The bearings for these compressors have generally been of the plain sleeve type because such bearings are low in cost, give long life, and are relatively quiet when the compressor is in operation. However, such bearings tend to produce high friction loads under certain operating conditions and during start-up, particularly when the compressor has not been operating for a long time and there may be an insufficient amount of lubricating oil on the bearing surfaces. When consideration has been given to the use of ball or roller bearings in these small compressors, problems have been encountered because of the high cost of such bearings as compared to plain sleeve bearings and the increased space requirements for their bearings may increase the overall compressor size. While such bearings reduce both the static and dynamic friction under start-up and running conditions, their life tends to be erratic because of the high degree of precision required in mounting the bearings, and such bearings tend to be somewhat noisy in operation. As a result of these factors, such rolling element bearings have not been used in small hermetic compressors of the type used for household refrigerators and food freezers.
The present invention provides an improved hermetic refrigeration compressor having improved mechanical efficiency resulting from a decrease in the friction of the crankshaft bearings. These bearings are provided by a pair of spaced, radial drawn-cup needle bearings which run directly on the crankshaft. The vertical loads on the crankshaft are provided by a radial needle thrust bearing mounted adjacent the upper radial bearing and all three of these bearings are mounted on a single bearing cartridge and engage directly with bearing surfaces on the crankshaft to provide positive alignment and tolerance control. The bearings are lubricated by a conventional centrifugal type oil pump which forces oil vertically upwards in an oil passage. Various passages are provided to direct the oil into the area adjacent the needles themselves, while additional oil goes up to the crank pin bearing and, through the connecting rod, to the piston and wrist pin. Since all of these passages are effectively closed at the bearing areas, all of the oil pumped upwardly by the centrifugal oil pump reaches the bearings which require lubrication.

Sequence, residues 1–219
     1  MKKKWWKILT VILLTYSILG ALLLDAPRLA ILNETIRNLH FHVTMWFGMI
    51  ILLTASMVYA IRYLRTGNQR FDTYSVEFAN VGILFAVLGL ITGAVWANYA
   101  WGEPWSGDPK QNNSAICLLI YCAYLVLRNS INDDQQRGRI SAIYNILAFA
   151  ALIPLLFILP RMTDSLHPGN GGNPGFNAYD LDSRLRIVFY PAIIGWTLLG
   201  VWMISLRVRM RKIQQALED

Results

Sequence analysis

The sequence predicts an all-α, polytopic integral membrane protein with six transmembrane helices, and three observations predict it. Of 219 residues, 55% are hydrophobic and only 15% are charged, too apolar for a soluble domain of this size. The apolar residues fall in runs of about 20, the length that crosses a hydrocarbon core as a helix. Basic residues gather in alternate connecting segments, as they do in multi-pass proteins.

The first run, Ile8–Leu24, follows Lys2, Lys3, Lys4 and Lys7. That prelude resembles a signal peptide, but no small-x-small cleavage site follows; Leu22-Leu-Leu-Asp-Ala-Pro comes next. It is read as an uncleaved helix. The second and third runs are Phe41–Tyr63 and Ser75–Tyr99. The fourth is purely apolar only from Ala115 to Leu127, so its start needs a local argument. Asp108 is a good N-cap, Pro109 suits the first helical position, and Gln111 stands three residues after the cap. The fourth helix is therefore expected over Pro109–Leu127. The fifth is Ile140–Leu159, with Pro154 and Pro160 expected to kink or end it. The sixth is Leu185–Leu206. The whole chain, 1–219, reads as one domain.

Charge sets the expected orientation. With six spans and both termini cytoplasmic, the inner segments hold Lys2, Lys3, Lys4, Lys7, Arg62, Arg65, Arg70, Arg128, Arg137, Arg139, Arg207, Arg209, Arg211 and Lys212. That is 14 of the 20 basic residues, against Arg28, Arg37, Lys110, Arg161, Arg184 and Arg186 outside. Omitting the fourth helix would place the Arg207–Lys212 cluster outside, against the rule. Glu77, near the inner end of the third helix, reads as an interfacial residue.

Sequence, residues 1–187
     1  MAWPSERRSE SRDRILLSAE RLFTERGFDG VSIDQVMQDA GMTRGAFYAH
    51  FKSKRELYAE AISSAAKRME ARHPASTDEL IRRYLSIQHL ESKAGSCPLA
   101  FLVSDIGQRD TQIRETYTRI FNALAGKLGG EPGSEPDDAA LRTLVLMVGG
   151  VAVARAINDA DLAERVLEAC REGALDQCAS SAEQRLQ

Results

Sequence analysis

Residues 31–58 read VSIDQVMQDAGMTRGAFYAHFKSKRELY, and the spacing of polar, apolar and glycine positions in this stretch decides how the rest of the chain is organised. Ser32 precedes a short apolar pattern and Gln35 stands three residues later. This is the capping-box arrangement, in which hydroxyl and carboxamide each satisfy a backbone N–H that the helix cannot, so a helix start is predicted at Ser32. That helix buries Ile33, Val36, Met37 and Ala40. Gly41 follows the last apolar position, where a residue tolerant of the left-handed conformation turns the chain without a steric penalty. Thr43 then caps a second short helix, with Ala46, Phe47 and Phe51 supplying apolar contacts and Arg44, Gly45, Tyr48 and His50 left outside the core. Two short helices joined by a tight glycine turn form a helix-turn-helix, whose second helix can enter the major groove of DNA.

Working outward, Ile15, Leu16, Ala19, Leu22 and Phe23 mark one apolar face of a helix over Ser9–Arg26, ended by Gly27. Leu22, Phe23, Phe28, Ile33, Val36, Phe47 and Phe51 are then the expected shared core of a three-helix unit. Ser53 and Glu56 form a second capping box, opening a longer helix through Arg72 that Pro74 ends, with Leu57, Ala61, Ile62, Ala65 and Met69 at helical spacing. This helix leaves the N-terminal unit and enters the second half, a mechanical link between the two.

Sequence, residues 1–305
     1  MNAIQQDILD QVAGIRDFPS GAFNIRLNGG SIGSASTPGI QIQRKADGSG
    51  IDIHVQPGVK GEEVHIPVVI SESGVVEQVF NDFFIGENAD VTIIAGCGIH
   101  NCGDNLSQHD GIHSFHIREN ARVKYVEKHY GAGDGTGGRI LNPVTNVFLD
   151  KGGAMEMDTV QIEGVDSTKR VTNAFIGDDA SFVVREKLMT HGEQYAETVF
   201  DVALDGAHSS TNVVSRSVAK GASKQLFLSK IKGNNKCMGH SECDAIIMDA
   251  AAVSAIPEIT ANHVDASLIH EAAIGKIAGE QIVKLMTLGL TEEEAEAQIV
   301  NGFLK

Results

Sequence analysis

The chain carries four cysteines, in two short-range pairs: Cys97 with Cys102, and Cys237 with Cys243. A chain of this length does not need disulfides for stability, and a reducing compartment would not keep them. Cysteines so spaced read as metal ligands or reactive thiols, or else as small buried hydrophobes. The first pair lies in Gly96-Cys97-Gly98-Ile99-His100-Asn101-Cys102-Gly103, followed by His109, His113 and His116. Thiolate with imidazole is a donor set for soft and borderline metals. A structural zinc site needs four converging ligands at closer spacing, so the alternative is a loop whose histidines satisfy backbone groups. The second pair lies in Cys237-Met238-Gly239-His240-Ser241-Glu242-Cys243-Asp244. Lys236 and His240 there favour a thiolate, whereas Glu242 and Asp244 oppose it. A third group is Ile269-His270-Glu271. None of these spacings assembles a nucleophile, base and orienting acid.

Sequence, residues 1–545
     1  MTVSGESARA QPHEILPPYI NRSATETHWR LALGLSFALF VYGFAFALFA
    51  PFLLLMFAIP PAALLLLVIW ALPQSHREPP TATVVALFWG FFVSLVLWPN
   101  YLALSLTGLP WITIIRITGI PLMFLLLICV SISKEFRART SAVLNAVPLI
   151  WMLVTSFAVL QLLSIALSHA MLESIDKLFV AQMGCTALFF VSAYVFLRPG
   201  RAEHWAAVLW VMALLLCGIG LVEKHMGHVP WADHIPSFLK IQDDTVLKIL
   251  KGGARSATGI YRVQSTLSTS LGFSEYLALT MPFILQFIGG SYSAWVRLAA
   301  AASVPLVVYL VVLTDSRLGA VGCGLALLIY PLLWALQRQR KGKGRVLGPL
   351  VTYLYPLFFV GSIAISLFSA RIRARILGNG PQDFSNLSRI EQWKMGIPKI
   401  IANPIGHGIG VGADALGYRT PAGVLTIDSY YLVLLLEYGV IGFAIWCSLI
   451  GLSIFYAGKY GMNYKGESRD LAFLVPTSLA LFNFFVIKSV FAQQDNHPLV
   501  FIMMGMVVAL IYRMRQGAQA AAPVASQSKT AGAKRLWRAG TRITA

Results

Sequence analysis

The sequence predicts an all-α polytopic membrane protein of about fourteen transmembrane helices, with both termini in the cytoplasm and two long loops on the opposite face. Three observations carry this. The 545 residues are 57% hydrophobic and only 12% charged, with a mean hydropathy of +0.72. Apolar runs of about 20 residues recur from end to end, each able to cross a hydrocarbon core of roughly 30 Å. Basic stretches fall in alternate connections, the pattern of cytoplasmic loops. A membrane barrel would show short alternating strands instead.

In order to control the oil flow to ensure against excessive leakage from the needle bearings, particularly the radial bearings on the crankshaft, these bearings are in the form of the drawn cup type having a relatively thin outer race with uncaged needles. The drawn cups extend around each end of the needles to hold them in place, and also extend closely adjacent the crankshaft itself to minimize the clearance space which results in leakage of the oil out of the bearing. By thus controlling the oil leakage, a supply of adequate oil to the bearings is assured at all times.